Melissa Ospina is a former elementary school teacher, instructional specialist, and newly appointed Vice Principal of The Incarnation School in Manhattan. She is a lifelong New Yorker who was raised in, has taught for, and is educating her son in New York City schools. Over the years, Melissa has become a fierce advocate for children, teachers, and parents alike.
Melissa attended our first Authenticity in the Classroom workshop in Manhattan this spring. We were inspired by the unique perspective she brings to the table as both teacher and administrator and recently caught up with her to talk about classroom culture, teacher stress, and what it takes to create a culture of authenticity.
Here are four main takeaways from our discussion:
1. Integrating authenticity-based SEL into the curriculum is easier than you think.
Melissa wants to dispel the myth that there’s not time for SEL in the school day. “It doesn’t have to be this big thirty-minute activity,” Melissa says. “You can do it in such a short amount of time.” When running her classroom, Melissa found small ways to reinforce a culture of authenticity throughout the day. Here are a few examples:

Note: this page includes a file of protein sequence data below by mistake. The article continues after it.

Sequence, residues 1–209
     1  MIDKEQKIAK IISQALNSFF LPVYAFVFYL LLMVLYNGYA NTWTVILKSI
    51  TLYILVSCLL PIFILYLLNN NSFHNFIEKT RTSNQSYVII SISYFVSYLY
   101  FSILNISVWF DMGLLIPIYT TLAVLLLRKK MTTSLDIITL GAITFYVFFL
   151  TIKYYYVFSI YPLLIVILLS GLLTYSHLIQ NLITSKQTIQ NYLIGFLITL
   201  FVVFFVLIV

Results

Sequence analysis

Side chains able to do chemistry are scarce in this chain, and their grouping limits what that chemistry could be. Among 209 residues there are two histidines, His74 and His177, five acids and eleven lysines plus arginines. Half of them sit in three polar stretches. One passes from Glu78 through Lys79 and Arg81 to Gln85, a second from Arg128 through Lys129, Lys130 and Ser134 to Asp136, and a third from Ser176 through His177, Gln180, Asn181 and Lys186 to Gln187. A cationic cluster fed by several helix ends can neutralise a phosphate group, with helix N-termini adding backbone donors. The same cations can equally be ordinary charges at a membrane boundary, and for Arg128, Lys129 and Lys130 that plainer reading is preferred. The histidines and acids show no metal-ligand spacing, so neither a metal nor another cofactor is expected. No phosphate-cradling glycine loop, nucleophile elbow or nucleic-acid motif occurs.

Starting in the morning, Melissa greeted every student with an individual handshake at the door. She admits, “it took me a while to learn each handshake, but I got there.” This simple act made sure each student felt acknowledged as an individual and seen by the teacher.
Next, she set the tone with music. As her students unpacked and got settled, Melissa played “It’s a Beautiful Morning” by The Rascals. “Two minutes and thirty-six seconds….no matter what’s going on in my personal life, no matter what’s going on with the administration, this is a way to start the morning to get me in the right place.” Her students quickly learned the lyrics, sang along, and would even start the song without her from time to time. A good morning routine can change your whole day.
After recess, Melissa set aside a few minutes for students to recenter themselves, calm down, and prepare for learning. “So much can go on at recess. When kids come back they're so wound up and excited.” Melissa made sure her students had a few minutes to decompress and write in their journals before diving into new work. “If they wanted me to read what they wrote, they could put it on my desk.”
Melissa’s class would wrap by talking about their day, complementing each other, or addressing things that went wrong. “Never let things fester,” Melissa advises.
Melissa says Authenticity in the Classroom gave her an abundance of new ideas on how to incorporate social-emotional techniques into everyday education, and she’s excited to bring them back to her teachers.
2. Every Educator Needs a Supportive Community